8th December 2021 10:30 GMT/BST

Natural History & Taxidermy

Lot 149


Taxidermy: A Cased Reproduction Pair of Extinct New Zealand Huia Birds (†Heteralocha acutirostris), modern, a pair of composed full mount Huia birds, the female perched upon a dry cork tree stump, the male below upon soil covered groundwork, amidst a natural setting of ferns, grasses and fauna, set against a pale blue and pink painted back drop, the beaks have been reproduced from actual beaks of specimens shot in the Gollans Valley, York Bay, New Zealand circa 1890, mounted upon substitute donor bodies, enclosed within a period style ebonised three-glass display case, 71cm by 30.5cm by 56cm, bearing ivorine label to interior lower right "Taxidermy by Frankenstein".

The Huia birds extinction had two primary causes. The first was rampant overhunting to procure huia skins for mounted specimens and their tail feathers for hat decorations. The second major cause was the widespread deforestation of the lowlands of the North Island by European settlers to create pasture for agriculture. Most of these forests were ancient, ecologically complex primary forests, and huia were unable to survive in regenerating secondary forests.

It was already a rare bird before the arrival of Europeans, confined to the Ruahine, Tararua, Rimutaka and Kaimanawa mountain ranges in the south-east of the North Island. It was remarkable for having the most pronounced sexual dimorphism in bill shape of any bird species in the world. The female's beak was long, thin and arched downward, while the male's was short and stout, like that of a crow. Males were 45 cm (18 in) long, while females were larger at 48 cm (19 in). The sexes were otherwise similar, with orange wattles and deep metallic, bluish-black plumage with a greenish iridescence on the upper surface, especially about the head. The tail feathers were unique among New Zealand birds in having a broad white band across the tips.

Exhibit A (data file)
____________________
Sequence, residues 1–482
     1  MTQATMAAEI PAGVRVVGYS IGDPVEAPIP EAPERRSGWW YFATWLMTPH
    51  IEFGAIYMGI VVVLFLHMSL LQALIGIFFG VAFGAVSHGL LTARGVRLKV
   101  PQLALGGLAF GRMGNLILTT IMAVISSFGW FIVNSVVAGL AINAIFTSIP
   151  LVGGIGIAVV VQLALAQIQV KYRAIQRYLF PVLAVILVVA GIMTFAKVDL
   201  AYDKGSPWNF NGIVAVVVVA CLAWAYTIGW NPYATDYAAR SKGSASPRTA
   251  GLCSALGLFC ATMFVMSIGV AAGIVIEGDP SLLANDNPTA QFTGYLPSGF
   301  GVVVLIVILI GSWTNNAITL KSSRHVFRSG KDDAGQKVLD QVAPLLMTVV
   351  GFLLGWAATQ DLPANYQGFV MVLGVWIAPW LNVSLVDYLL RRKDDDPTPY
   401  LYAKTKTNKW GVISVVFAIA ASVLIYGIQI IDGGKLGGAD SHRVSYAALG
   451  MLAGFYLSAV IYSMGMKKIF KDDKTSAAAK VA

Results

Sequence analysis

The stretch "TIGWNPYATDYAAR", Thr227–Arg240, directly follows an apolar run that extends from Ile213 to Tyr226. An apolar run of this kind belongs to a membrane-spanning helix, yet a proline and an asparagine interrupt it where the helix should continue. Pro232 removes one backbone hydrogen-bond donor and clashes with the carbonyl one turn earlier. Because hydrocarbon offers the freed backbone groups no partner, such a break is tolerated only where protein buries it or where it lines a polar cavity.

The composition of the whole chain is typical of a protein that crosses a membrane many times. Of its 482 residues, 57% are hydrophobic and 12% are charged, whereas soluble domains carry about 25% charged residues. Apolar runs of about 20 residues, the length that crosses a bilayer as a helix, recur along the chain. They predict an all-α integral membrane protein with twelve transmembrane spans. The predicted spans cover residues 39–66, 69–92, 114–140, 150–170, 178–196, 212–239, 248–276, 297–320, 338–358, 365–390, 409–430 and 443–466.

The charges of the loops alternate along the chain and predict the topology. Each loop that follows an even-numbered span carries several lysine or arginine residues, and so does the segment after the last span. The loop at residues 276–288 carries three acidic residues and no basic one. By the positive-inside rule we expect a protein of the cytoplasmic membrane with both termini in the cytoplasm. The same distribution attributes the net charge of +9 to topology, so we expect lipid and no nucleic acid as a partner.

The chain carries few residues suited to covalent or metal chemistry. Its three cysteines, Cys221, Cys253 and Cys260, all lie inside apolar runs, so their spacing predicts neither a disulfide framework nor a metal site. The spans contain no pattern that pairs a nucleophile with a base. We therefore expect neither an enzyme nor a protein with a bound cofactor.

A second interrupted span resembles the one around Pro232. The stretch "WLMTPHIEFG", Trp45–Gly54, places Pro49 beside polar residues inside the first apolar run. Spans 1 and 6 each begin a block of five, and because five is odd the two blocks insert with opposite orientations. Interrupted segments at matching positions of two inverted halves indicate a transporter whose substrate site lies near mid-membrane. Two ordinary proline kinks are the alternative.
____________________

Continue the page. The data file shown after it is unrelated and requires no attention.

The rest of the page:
Sold for £3,200
Estimated at £1,200 - £1,800


Auction: Natural History & Taxidermy, 8th December 2021

A superb quality auction comprising over 300 lots, including Victorian, Mid-Century, and modern Taxidermy and Natural History specimens by some of the most prolific and renowned taxidermy companies of the last 140 years, to include a private collection of cased Victorian birds and animals from a private vendor, numerous antique and modern African game trophies from various private vendors, rare and unusual Natural history specimens including a large Narwhal Tusk, and three wonderful Blonde Turtle shells.



Tuesday 7 December 10am-5pm and morning of sale from 8am

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